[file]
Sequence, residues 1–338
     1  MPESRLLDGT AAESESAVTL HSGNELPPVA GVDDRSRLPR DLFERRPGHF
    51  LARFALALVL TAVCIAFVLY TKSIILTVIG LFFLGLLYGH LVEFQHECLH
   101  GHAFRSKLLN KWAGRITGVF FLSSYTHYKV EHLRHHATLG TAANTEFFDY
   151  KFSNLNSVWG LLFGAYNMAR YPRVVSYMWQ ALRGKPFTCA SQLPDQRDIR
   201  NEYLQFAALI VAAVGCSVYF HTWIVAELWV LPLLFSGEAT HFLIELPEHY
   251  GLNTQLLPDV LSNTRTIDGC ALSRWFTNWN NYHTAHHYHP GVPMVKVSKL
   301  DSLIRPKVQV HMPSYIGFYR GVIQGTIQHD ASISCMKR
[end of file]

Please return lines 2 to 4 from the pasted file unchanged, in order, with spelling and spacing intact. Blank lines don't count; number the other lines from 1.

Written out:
     1  MPESRLLDGT AAESESAVTL HSGNELPPVA GVDDRSRLPR DLFERRPGHF
    51  LARFALALVL TAVCIAFVLY TKSIILTVIG LFFLGLLYGH LVEFQHECLH
   101  GHAFRSKLLN KWAGRITGVF FLSSYTHYKV EHLRHHATLG TAANTEFFDY